After Twenty Years - We Can Now Explain Apartheid and Inequality

2014-04-30 10:30

After two decades of generally inept and corrosive rule at the hands of an ANC led government, the initial rationale for the doctrine of apartheid and the reality of inequality are highlighted in our nation's plight to survive. A failed South African state is an increasingly realistic prognosis, and without voter intervention probably inevitable - because the capacity for governing and managing a complex state enterprise has been critically lacking for much of the past two decades. There are good reasons for this. Firstly we are devoid of a democratic culture because the institution of the nation state has evolved logically throughout history following protracted periods of sociological assimilation, drawing from tribes, clans, language groups, or communities with religious or other affinities in common. Such conditions did not happen in South Africa. Alternatively, nation states have from time to time been the outcome of conquest - with communities either succumbing to outside cultures and assimilating them or galvanising against outside domination. In South Africa neither occurred in full measure. In short, the benefits of promoting political commonality between component groups have to outweigh the disadvantages of staying separate and independent of each other for the state to be viable. With the age of discovery during the 15th and 16th centuries, voyages to the New World and the advent of colonialism, everything changed for the nation state as a new dynamic was unleashed on the less developed world. At the same time "Inequality" was discovered - else why did Africans not explore Europe, American Indians colonise Asia or the Inuit conquer Scandinavia?

The reality is that on account of their curiosity and technological superiority, Western European powers discovered corners of the globe which caused it to shrink in the first wave of what has come to be recognised as globalisation. Some anecdotes illustrate obvious asymmetries in human capacity.

> In 1532 at Cajamarca in the Peruvian Andes a rag tag bunch of a couple of hundred Spanish horsemen overcame the most powerful empire in the Western hemisphere in a single battle. Such was the domination of European powers that the Portuguese and Spanish had split the New World between them at the Treaty of Tordesillas, assuming that it would forever be under their hegemony.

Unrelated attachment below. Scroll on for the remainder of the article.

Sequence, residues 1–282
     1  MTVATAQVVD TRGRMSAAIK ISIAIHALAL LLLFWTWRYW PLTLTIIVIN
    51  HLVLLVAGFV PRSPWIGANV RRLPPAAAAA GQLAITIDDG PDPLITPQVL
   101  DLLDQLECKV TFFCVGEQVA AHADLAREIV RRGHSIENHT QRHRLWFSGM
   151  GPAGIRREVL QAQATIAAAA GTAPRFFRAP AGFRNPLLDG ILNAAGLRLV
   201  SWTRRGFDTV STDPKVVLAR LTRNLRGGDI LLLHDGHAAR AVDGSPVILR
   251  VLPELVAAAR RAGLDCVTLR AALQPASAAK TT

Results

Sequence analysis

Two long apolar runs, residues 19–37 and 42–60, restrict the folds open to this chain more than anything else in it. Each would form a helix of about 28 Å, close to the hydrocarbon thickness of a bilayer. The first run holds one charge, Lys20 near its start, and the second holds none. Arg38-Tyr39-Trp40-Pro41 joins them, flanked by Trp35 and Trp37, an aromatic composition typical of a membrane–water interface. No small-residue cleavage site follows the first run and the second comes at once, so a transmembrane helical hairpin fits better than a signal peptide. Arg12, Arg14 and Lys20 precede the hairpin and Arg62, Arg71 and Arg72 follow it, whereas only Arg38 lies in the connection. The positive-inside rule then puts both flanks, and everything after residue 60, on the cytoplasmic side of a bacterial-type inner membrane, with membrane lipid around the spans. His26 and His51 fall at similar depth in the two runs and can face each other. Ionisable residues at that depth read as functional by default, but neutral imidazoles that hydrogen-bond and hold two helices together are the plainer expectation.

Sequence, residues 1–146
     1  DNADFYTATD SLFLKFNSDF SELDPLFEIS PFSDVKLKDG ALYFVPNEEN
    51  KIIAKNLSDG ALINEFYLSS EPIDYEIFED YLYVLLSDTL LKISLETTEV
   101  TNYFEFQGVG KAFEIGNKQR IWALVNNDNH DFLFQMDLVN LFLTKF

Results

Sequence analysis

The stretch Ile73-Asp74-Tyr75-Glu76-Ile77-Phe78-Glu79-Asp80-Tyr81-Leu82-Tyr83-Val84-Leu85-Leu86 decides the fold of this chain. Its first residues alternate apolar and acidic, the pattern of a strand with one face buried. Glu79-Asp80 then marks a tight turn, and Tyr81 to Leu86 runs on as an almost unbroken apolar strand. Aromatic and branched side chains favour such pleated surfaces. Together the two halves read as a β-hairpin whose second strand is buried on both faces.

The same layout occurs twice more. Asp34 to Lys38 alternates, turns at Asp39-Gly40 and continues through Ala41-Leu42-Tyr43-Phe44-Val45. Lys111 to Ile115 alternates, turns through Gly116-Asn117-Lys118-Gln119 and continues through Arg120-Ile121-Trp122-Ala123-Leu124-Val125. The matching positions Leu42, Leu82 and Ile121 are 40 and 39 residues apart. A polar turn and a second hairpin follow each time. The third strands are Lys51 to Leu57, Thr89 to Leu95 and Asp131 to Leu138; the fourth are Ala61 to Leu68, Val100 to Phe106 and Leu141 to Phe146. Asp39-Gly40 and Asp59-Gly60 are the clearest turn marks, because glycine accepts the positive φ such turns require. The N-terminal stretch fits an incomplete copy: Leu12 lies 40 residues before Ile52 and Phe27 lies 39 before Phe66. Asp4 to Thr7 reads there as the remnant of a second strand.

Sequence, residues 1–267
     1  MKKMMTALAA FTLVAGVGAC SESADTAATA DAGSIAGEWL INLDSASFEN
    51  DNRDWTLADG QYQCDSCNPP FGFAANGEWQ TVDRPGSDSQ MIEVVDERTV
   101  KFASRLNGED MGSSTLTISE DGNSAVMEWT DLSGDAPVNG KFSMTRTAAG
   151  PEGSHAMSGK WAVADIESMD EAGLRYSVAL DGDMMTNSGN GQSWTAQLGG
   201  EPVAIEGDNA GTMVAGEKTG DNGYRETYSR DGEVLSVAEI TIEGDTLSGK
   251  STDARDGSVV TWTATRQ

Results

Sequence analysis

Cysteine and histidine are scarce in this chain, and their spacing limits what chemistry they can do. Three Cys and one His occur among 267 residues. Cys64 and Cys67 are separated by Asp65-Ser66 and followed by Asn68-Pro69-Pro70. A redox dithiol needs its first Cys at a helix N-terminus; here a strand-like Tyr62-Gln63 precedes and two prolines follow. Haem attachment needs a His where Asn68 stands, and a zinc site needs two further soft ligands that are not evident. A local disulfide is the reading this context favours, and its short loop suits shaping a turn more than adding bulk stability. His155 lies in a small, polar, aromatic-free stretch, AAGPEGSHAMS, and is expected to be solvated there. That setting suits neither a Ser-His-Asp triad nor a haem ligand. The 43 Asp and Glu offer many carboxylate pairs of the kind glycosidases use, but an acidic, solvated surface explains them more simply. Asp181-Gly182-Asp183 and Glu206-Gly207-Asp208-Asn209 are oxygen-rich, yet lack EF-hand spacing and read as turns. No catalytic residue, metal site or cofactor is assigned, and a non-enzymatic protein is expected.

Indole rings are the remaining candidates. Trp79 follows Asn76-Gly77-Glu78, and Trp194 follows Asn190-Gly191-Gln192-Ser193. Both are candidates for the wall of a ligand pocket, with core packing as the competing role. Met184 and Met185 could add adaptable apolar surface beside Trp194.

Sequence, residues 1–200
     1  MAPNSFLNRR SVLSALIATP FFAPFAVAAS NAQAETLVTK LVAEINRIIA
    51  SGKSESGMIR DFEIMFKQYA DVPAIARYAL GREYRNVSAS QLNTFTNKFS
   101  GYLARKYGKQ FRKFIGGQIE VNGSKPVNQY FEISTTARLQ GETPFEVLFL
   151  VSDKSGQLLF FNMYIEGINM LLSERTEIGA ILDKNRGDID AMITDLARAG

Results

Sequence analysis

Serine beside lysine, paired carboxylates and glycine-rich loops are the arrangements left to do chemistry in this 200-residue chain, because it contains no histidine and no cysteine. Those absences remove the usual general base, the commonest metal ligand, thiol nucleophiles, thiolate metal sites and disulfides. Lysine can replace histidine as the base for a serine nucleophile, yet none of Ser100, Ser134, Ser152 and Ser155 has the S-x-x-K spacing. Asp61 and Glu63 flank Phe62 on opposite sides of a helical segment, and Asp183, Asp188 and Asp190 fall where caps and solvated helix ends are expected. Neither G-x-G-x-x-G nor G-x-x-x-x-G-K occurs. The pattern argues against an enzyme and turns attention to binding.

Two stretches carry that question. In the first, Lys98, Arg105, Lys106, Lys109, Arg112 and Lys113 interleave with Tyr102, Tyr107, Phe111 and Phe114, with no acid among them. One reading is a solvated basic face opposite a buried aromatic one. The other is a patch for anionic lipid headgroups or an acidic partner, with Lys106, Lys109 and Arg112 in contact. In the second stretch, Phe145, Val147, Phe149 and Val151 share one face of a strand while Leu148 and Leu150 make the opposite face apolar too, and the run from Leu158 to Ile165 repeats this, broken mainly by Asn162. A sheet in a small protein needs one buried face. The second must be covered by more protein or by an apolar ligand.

> Britain and Holland colonised the east and parts of Africa, subjugating the Indian sub-continent, and opened new markets and brought new insights and technologies to remote parts of the (then known) world and enriching their nations in what has come to be known as the mercantilist period.

> Southern Africa's own Voortrekkers overcame overwhelming odds at Blood River through the use of firearms unknown in Africa, contributing to the formation of a new nation in Southern Africa.

> The Pioneer Column initiated by Cecil Rhodes opened the southern African hinterland and explorers such as Livingstone and Stanley penetrated the African bush in quest of the unknown and international prestige, in the process laying the foundations for the nation state.

In all these instances cultural asymmetries between the vanquished and victors; explorers and indigenous peoples; those bearing technologies and those bound by tradition and superstition were exposed and the world became a place of pervasive inequality.

Causes of Inequality

Much has been written on the subject but essentially human evolution outside of the African environment is recognised as the ultimate cause of cognitive growth and the appropriate cultural attributes for technological advancement as we know it.

It is widely accepted that Africa was the crucible of humankind and that between 70000 and 100000  years ago, dozens - or possibly scores - of people started a migration out of Africa that inhabited the globe, caused human population to grow many times faster than in did in Africa itself, and bred populations able to deal with newly hostile climatic and predatory environments.